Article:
NIE – Tales from a Sea Journey
The Junction, Cambridge
Review: Richard Smith 16 March 2011
Diversity equals richness in this warm (if flawed) show.
Tales from a Sea Journey is the new show from NIE which recounts their epic adventure aboard a cargo ship travelling from Le Harve to Guadaloupe and the stories that emerge during the voyage.
It focuses on three particular characters; Ella, the little girl who falls into the sea, Elizabeth the maths teacher whose first ocean voyage leaves her feeling worse for wear and the Captain of a Norwegian Navy vessel that is sunk by the Japanese during World War Two.
As ever with NIE the sense of ensemble is very strong, the performers invest fully in even the smallest of actions and their focus as a collective is absolute. Narration is kept lively and interesting as they tease out the comedy from the most mundane of moments, undercutting and commenting upon each others narration before plunging head first back into the story.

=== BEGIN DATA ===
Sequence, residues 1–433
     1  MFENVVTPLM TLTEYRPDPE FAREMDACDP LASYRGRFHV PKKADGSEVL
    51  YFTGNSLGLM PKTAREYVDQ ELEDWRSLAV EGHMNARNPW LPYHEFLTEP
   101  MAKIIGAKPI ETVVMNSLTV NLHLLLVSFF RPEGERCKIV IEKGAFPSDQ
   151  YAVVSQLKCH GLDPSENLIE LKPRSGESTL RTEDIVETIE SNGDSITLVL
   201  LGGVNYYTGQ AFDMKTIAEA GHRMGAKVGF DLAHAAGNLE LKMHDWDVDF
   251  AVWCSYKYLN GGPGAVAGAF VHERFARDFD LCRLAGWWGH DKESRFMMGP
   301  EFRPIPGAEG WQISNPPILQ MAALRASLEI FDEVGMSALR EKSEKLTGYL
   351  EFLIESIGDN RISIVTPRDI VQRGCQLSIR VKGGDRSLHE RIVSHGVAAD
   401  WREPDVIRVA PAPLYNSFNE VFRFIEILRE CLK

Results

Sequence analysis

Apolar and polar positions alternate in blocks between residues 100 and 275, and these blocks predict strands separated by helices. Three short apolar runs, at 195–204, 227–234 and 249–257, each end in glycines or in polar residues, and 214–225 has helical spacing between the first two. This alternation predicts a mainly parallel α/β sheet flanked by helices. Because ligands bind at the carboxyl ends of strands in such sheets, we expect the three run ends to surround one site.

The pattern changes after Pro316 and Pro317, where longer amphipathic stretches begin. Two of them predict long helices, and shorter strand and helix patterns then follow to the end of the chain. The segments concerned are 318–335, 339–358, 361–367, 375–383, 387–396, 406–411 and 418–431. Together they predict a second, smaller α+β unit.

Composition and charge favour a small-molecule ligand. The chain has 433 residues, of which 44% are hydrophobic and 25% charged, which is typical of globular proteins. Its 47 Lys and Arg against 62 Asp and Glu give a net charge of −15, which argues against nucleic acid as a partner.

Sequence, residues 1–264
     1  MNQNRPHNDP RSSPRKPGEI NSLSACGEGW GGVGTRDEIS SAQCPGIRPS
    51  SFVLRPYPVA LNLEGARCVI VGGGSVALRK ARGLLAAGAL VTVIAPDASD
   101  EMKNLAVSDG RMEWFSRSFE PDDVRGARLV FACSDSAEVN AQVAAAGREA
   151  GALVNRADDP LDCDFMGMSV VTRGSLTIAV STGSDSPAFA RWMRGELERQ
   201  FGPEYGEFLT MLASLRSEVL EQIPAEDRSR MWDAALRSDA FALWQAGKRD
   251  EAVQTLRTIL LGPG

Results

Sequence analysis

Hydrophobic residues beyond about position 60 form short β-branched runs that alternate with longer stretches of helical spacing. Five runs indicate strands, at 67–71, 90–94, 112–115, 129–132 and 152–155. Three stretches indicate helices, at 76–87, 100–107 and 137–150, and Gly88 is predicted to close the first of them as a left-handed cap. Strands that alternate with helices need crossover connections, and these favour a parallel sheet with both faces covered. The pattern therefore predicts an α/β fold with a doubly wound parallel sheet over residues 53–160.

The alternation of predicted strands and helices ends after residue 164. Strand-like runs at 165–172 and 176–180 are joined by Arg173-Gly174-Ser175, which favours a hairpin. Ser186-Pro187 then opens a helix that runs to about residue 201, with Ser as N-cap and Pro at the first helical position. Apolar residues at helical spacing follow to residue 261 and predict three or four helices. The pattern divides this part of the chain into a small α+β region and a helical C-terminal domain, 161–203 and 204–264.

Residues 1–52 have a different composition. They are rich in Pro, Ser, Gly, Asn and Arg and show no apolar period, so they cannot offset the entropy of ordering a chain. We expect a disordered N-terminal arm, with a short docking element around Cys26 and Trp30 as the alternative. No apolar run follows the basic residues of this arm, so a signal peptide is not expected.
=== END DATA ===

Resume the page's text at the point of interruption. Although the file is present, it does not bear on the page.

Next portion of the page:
There is a wonderful texture to the show which is forged by the mix of different languages and by the bed of folk music and sea shanties that emerge from the ocean sounds and underscores the action. NIE lead the way in showing how so much can be created from so little, consistently striving to use every one of the different tools available to theatre that make it unique. Puppetry, live music and singing as well as skilful manipulation of props are all employed to create a rich piece that conjures a world you wish to explore with these characters as your guides.
If there is a problem with the show it is that the stories, though always entertaining, are a very light weight, lacking the resonance and depth of myth and fable. The story of Elizabeth, for instance, peters out without us ever gaining any real insight into her life or character and the scene of a tongue tied father saying goodbye to his daughter is played for laughs when it might have been more rewarding to explore the moment of desperate hesitation before they part.
In the end the separate strands of the journey on the cargo ship and the tales that they tell each other fail to tie together in a way that completely satisfies. However this is still an engaging and enjoyable piece that you can not fail to warm to.
Elke Laleman (and Production Manager)